To keep up with the demands of a competitive market, QA and development teams must find more effective ways to assure and improve the quality of their product without losing speed. In this post, we’ll explore modular testing, one facet of the Continuous Testing Manifesto, and learn how modular testing contributes to a fast, reliable QA strategy.
Scalability and manageability are two critical concerns for high-performing QA teams. One effective way to create a scalable test suite is to adopt a modular testing system. Modular tests are tests designed to be reusable and editable, streamlining both test writing and test suite management.
The most valuable tests are those which are broadly applicable across a variety of functions. If you find yourself copying and pasting test steps, you’re creating more work for yourself in the long run; every time you need to update one of those tests, you’ll have to go through the entire cloned set and update them manually. Instead, aim for a modular system that allows you to reuse tests in multiple flows, but manage them centrally.
Start by identifying the common user flows in your application. Most of the time, the common parts will be built upon to allow you to get into the right state for your application. This applies for both automated and manual test suites. If using automation, make sure to have a common library of states you can reuse to get into the correct state. If using manual testing, you will need to find a test case management system that supports composable tests.
Modularity isn't just about how test cases are managed and executed, but also which tests are prioritized. If starting from scratch with a new process, start with small, manageable chunks with a focus on providing the most valuable feedback. Build your test suite in the following order for greatest effect:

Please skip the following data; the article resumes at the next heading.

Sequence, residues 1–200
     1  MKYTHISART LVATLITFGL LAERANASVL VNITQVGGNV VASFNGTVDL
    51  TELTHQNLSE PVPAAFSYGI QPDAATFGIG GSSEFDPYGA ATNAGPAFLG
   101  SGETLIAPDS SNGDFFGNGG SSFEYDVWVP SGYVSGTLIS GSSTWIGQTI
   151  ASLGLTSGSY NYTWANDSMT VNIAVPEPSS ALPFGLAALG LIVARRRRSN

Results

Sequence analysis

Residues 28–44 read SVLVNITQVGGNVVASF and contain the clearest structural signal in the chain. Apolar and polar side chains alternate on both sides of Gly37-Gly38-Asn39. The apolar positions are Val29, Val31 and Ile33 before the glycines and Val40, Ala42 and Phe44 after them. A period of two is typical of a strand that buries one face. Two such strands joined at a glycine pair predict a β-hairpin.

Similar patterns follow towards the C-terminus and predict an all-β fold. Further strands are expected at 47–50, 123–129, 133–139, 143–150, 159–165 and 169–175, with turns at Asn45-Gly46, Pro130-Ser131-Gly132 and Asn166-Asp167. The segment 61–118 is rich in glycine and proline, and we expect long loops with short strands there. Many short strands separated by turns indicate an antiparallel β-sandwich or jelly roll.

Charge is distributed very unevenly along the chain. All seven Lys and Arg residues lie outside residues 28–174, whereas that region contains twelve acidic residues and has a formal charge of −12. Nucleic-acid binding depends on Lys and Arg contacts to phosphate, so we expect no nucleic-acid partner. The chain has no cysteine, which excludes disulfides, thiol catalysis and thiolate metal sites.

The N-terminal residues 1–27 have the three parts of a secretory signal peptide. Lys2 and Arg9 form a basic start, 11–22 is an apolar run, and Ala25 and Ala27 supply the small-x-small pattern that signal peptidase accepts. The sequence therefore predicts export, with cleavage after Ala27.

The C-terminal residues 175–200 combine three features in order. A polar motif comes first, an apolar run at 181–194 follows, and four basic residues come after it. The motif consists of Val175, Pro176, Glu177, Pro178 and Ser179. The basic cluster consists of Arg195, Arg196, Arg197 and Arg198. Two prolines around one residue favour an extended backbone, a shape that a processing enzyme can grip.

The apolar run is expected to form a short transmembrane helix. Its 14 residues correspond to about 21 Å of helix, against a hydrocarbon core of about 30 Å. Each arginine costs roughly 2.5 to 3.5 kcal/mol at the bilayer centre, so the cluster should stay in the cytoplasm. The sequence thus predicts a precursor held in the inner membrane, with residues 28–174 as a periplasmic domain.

Smoke tests cover the top three to five flows through your application. An example of an e-commerce site’s smoke test suite would be: login, sign up, checkout. Choose whatever might cause a headline in a newspaper (or an email to the CEO) if it broke.
Happy path tests are similar to smoke tests, but somewhat less important. Generally they are the most common paths through your application.
Regression tests check for bugs that people have already reported. These issues should not surface again in the future. Add a test to your suite -- whether a unit test or not -- to make sure it doesn't.
Edge cases that don't fit within the above categories and generally aren't in the common user flow. They have less value, so you should leave them until last. Be advised that there is a nearly infinite number of edge cases and depth you drill into. Note that issues that get reported are bugs, and fall into the above category (regression tests), if accepted. Edge case testing looks for, and protects against, possible bugs.
Taking a modular approach to QA makes the entire test suite more efficient and faster. Tests can be managed centrally, reducing the overall workload for the QA team when test cases must be written or updated.
Jitjatjo manages QA for their restaurant workforce application by using a modular testing scheme within Rainforest. Nearly every test case they create can be applied to multiple different user flows, browsers and devices, minimizing the QA time investment to achieve the level of coverage needed. When test cases needed to be updated, Jitatjojo’s QA engineer only has to update the master test case, and all other instances of the test case will be updated as well.
“Rainforest allows us to create a test that we can run over and over. Any time we want to test that flow, we gain the efficiencies back,” says Dominic Esposito, Jitjatjo’s Head of Product. __ “Any Rainforest test case that we write becomes extremely efficient. We’re saving 25-30% of our QA time by leveraging Rainforest.”__
Want to learn more about how to use modular testing to scale your QA process more efficiently? Access the on-demand recording of our webinar, The Building Blocks of Better QA: How to Take a Modular Approach to Testing, where Rainforest QA’s CIO, Derek Choy, dives deeper into modular testing. In this session, Derek explains how the Rainforest QA team leverages modular testing, and how other development organizations can integrate it into their testing workflows.
Lets compare the two approaches to continuous integration (hosted vs self hosted) and try to figure out which one is best for you.
You can only move as fast as your QA process allows. That’s why in order to do continuous delivery, you need to adopt an equally continuous QA process.
Continuous testing tools make it possible to deploy software updates multiple time a day while keeping quality high.
A less obvious cost is your CD development is effort required to keep your application CD-friendly. This post covers one of the thorniest problems of the continuous delivery world: deployment race conditions, and two alternatives for solving this issue.